Ronald Duncan Cramond CBE, civil servant. Born 22 March, 1927 in Leith. Died 22 May, 2018 in Edinburgh, aged 91.
Though Ronnie came from a modest family background, describing himself as “a wee laddie fae Leith”, he went to George Heriot’s School in Edinburgh 1939-1945, having gained a bursary which paid his fees, books and uniform.
He did well in his studies, gaining another bursary to attend Edinburgh University while also playing rugby, including for the First 15, and becoming the senior NCO in the school Air Training Corps.
He was disappointed to fail an eye test to train as a Spitfire pilot, so stayed at school to complete his sixth year and go to university. These interests continued at university along with farm and timber camps in the holidays, though in 1947 he and a friend went hiking in France across the Pyrenees from west to east, something which was unusually adventurous at the time.
He graduated with First Class honours in history in 1949, and then did two years National Service where his OTC background earned him a place at Eaton Hall Officer Training School. Once commissioned, he spent the remainder of his time as an instructor for the Special Squad of National Servicemen, based at Dreghorn, while continuing to play rugby for the Army.
He then joined the Civil Service, serving first in the War Office in London, then in the Scottish Office where he served in housing and planning, where he was awarded the Haldane Medal in Business Administration in 1964, and then Agriculture and Fisheries, rising to the grade of Under Secretary in 1977.
He worked for a number of Secretaries of State for Scotland, including Willie Ross and J Dickson Mabon. During his time in Agriculture he took part in several British delegations to Brussels, and was always keen to emphasise the particular Scottish problems of farmers working marginal land.
In 1983, he became deputy chairman of the Highlands and Islands Development Board, with particular responsibility for tourism and for the Northern and Western Isles. He enjoyed all the travel this position necessitated, particularly to the smaller isles, in order to advise and support local farmers, fisheries and other businesses. One initiative that he was probably most proud of was the support given to the Cairngorm Reindeer Company. In 1987 he was awarded a CBE.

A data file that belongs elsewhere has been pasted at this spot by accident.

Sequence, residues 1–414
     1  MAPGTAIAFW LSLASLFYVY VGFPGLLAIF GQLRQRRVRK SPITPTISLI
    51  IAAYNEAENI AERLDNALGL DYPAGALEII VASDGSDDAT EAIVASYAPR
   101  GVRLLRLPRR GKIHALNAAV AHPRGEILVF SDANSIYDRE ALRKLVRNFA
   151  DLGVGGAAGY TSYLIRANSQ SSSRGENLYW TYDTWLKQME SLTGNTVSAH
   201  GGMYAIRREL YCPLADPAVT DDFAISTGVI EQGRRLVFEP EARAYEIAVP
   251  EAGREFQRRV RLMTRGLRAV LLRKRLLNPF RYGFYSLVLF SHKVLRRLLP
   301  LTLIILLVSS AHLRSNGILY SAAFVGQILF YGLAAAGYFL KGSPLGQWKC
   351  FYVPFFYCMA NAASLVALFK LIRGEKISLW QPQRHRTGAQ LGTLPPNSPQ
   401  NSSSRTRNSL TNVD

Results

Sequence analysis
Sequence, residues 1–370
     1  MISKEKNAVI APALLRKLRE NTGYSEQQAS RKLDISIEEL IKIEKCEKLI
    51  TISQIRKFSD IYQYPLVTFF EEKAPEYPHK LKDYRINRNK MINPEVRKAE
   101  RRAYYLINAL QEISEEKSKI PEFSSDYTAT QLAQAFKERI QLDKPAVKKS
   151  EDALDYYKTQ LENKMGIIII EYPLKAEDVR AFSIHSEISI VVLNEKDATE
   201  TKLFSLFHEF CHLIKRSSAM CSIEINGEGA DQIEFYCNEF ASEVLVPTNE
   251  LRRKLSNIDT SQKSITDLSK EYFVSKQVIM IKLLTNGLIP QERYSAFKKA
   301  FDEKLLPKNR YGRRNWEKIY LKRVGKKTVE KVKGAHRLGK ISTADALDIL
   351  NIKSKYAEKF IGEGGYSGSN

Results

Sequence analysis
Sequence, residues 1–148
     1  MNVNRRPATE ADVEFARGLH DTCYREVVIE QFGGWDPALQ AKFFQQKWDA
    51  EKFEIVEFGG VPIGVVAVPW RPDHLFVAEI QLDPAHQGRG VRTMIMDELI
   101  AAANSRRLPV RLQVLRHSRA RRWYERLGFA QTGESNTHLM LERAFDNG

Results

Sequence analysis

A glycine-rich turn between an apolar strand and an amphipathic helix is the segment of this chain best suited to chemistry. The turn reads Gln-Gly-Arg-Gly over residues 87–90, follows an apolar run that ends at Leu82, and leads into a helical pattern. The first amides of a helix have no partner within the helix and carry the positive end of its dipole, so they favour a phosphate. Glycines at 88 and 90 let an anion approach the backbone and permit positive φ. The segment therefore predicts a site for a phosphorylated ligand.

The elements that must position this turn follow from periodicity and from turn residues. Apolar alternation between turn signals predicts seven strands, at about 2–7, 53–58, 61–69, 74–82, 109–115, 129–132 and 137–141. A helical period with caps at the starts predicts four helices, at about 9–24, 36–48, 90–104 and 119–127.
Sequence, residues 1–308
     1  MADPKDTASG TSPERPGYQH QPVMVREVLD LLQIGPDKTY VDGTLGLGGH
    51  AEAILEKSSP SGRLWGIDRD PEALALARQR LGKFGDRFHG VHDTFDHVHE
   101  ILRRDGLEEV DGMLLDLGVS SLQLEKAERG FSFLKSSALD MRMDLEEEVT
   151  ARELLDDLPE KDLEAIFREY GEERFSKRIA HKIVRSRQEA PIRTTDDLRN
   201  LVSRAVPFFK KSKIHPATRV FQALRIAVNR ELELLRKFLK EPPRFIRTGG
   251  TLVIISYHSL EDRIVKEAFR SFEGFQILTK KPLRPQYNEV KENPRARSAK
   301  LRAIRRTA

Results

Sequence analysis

Ronnie’s abiding interest in history connected him to various museum bodies across Scotland. He was a Trustee of National Museums Scotland from 1985-96, the period of the planning, building and creating displays for the Scottish Collection in what became the Museum of Scotland, which opened in 1998.
He documented the story of this project, which was not without problems, in a thesis for an M.Phil, granted by Edinburgh University in 2011, setting a record for the longest gap between graduations. He was also chairman of the then Scottish Museums Council from 1990-93, and was associated with Bo’ness Heritage Centre and the Anstruther Fisheries Museum.
With a group of friends he set up a small charity in 1995, the Intellectual Access Trust, to look at ways to improve access to museums and galleries for people with learning disabilities, whom he felt were neglected by the disability discrimination legislation. They raised enough money to employ a researcher, publish a report and hold a series of seminars to disseminate the findings. Later on he began volunteering as a guide at the Museum of Scotland where he developed tours on the Jacobites and Scottish identity.
A keen hill walker and climber, interested in environmental concerns, Ronnie was a member of the Countryside Commission, the Strathclyde Greenbelt Foundation and, following the 1970 Year of European Conservation, the 1970 Club, which brought together the CEOs of various governmental and quasi-governmental organisations to continue to foster environmental issues and formed many friendships as a result.
When his son started playing rugby, also at George Heriot’s, Ronnie started refereeing the school teams and achieved another record as the longest serving referee at Goldenacre.
He was also interested in genealogy and the promotion of the Scots language, being a subscriber to Lallans and a supporter of the Scots Language Society.
Unfortunately a fall in 2014 resulted in slowly deteriorating health and eventually admittance to a care home.
At the end of one of many radio interviews undertaken during his career, Ronnie was described by the interviewer as “a man whom no one could accuse of not caring”. A suitable epitaph for anyone.
Ronnie’s first wife, Connie MacGregor, died in 1985, but he is survived by a son and daughter from that marriage, three grandchildren and his second wife, Ann.